Laser surgery is a procedure that uses a laser (in contrast to using a scalpel) to breach tissue. Types of surgical lasers include carbon dioxide, argon, Nd: YAG laser and Potassium titanyl phosphate from among others.
A range of lasers such as Erbium, Dye, Q switch lasers and CO2 are used to treat various conditions including scars, vascular and pigmented lesions and for photo-rejuvenation. The laser surgery often bypasses the surface. The principle of laser surgery is based on SPTL (selective photothermolysis). The laser beam penetrates the until it encounters chromophore which absorbs the laser beam. After absorption of the laser beam, heat is generated to induce coagulation, necrosis of the targeted tissue, this result in removal of unwanted tissue by laser surgery.
Lasers are used for a variety of aesthetic indications such as:
TYPES OF LASERS
The CO2 laser is the highest intensity laser treatment currently available. After being treated with the CO2 laser, the surface of the appears tighter and smoother because the laser uses heat to restrict the collagen bands found in the lower dermis. The CO2 laser can eliminate or diminish the appearance of most wrinkles, scars, warts and birthmarks.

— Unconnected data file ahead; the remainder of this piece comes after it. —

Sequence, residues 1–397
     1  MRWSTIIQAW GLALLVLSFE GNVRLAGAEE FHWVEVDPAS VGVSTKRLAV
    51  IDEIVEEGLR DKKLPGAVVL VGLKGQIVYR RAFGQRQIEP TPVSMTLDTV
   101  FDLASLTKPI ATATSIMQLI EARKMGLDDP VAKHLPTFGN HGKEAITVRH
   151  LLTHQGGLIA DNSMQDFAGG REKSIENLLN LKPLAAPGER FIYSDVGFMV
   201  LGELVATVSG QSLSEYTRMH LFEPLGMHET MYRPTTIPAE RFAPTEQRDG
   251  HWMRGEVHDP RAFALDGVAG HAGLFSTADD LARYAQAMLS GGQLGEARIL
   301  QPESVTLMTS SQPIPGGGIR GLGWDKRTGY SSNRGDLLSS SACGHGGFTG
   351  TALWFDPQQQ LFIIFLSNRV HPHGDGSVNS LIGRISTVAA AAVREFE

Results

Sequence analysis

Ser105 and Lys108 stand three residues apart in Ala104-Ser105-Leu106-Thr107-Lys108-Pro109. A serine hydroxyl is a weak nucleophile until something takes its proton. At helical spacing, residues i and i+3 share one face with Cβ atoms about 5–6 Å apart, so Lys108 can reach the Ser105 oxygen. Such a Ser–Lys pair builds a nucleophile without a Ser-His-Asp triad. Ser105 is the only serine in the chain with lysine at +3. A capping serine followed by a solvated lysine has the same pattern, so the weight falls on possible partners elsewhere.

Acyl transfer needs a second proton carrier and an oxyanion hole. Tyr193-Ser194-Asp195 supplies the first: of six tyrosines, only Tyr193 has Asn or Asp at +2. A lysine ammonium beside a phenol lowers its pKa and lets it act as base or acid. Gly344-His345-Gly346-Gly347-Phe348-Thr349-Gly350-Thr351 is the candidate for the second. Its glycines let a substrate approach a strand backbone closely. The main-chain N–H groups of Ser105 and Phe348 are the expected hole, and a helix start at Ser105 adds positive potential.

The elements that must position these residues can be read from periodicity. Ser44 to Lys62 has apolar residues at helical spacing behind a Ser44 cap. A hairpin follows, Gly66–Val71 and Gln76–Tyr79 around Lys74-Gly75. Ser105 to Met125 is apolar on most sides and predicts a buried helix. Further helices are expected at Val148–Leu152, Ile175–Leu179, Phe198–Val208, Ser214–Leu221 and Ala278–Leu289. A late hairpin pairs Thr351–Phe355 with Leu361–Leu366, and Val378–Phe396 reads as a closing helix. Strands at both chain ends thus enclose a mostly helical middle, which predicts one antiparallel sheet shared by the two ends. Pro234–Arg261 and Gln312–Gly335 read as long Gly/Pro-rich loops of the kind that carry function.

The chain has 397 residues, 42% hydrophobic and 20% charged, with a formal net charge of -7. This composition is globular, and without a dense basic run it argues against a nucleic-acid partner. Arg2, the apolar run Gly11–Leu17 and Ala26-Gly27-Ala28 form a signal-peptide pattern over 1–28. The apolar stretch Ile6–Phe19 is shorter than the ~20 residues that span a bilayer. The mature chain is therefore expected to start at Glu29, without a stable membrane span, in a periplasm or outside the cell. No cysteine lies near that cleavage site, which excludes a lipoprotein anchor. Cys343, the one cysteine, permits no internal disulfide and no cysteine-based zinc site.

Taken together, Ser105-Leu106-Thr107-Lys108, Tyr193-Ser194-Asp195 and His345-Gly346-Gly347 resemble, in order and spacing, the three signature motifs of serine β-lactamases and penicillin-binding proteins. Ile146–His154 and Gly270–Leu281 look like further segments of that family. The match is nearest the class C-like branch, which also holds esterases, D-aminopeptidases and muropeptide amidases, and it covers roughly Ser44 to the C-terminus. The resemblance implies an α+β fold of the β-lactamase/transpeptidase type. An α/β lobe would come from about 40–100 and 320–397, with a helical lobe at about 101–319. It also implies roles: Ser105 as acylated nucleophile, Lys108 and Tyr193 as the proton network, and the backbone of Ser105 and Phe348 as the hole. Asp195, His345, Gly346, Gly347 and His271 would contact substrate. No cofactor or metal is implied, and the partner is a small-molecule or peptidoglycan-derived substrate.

Erbium lasers are able to remove thinner layers of than the more powerful but less precise CO2 laser.
The Fraxel® laser resurfacing treatment is distinct from other laser rejuvenation treatments that use either the erbium or the CO2 laser. Since the Fraxel® laser procedure is non-invasive, there are very few post-treatment side effects.
Undergoing a laser resurfacing procedure can greatly benefit the youthfulness and beauty of your . It is particularly important that you use a ‘broad-spectrum’ sunscreen, which screens ultraviolet B and ultraviolet A rays, to protect your during that time. Lasers are also used for laser-assisted Lipectomy.
Laser hair removal is the process of hair removal by means of exposure to pulses of laser light that destroy the hair follicle. Hair removal lasers have been in use since 1997 and have been approved for ‘permanent hair reduction’ in the United States by the Food and Drug Administration (FDA).
Under the FDA’s definition, ‘permanent’ hair reduction is the long-term, stable reduction in the number of hairs re-growing after a treatment regime. Indeed, many patients experience complete re-growth of hair on their treated areas in the years following their last treatment.
This means that although laser treatments with these devices will permanently reduce the total number of body hairs, they will not result in a permanent removal of all hair.
Hair grows in several phases (anagen, telogen, catagen) and a laser can only affect the currently active growing hair follicles (early anagen). Hence, several sessions are needed to damage the hair in all phases of growth and force it to revert back to a vellus non-colored small hair.
Some side effects may occur after laser hair removal treatments, including itching, pink , redness and swelling around the treatment area or swelling of the follicles (follicular edema). These side effects rarely last more than two or three days. The two most common serious side effects are acne and discoloration. Some level of pain should also be expected during treatments, but adequate care is taken to alleviate it by application of creams and ice.